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What is wrong with this proof? (lipschitz functions)

  1. Sep 5, 2011 #1
    Suppose f:[0,1]->R is absolutely continuous and |f'(x)|<M almost everywhere in [0,1]. Prove that f is Lipschitz.

    I wrote up the following proof and got significant deductions:

    By the Mean Value Theorem, for all x,y in [0,1], there exists c between x and y such that |f(x)-f(y)/(x-y)|=|f'(c)|<M.

    That is, for all x,y in [0,1], |f(x)-f(y)/(x-y)|<M.
    Then |f(x)-f(y)|<M|x-y|, thus f is Lipschitz.
    QED

    What is wrong with my proof? (Since f is AC, I know that f is differentiable almost everywhere in [0,1]. Is that not enough to invoke the mean value theorem? If not, how do I prove this theorem?)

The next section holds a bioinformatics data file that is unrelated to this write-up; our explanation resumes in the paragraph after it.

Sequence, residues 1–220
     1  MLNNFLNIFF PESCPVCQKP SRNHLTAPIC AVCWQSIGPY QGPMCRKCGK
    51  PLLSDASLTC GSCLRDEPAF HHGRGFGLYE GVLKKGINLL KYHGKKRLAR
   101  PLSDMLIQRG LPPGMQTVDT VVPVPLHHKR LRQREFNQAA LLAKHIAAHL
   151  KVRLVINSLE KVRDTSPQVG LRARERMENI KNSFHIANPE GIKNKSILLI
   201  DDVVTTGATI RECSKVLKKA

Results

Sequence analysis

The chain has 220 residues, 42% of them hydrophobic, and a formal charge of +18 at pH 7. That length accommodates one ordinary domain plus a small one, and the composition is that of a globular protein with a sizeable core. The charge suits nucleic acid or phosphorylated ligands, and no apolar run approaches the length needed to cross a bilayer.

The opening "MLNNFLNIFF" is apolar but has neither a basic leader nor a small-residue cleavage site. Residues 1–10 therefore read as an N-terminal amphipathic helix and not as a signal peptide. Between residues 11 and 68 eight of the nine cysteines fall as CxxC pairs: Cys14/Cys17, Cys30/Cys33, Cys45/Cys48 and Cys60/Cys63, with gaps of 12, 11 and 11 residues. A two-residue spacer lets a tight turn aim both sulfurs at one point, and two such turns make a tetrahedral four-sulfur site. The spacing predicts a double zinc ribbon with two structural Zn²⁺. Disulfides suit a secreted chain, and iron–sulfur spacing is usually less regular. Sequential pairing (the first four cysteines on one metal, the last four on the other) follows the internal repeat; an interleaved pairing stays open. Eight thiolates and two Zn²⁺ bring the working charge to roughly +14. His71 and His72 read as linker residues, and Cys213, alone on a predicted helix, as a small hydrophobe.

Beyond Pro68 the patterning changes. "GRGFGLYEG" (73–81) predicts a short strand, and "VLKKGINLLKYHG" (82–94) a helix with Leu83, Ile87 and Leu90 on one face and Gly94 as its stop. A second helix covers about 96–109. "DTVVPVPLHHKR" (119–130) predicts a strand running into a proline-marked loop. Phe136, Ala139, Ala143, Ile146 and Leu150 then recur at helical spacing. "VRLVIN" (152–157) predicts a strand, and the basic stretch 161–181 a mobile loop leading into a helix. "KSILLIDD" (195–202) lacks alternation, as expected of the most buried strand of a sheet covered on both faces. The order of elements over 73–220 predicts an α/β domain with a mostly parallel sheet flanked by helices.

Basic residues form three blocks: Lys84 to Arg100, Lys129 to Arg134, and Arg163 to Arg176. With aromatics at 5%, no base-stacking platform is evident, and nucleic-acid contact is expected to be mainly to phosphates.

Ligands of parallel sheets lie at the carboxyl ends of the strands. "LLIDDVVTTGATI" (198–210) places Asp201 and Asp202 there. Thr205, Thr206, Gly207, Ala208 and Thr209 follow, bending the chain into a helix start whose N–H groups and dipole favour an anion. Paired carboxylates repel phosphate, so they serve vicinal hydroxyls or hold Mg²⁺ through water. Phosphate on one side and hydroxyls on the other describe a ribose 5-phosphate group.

Thank you.
     
    Last edited by a moderator: Sep 6, 2011
  2. jcsd
  3. Sep 6, 2011 #2

    HallsofIvy

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    No, it is not. For example, the function [itex]f(x)= x^2[/itex] is differentiable everywhere in [0, 1] and the mean value theorem says there must be some c in [0, 1] such that f'(c)= (f(1)- f(0))/(1- 0)= 1. Obviously, that point is x= 1/2. But [itex]g(x)= x^2[/itex] for all x except 1/2 and g(1/2)= 0 is differentiable "almost everywhere" (everywhere except x= 1/2 and a singleton set has measure 0) but there is no c such that g'(c)= (g(1)- g(0))/(1- 0)= 1.

     
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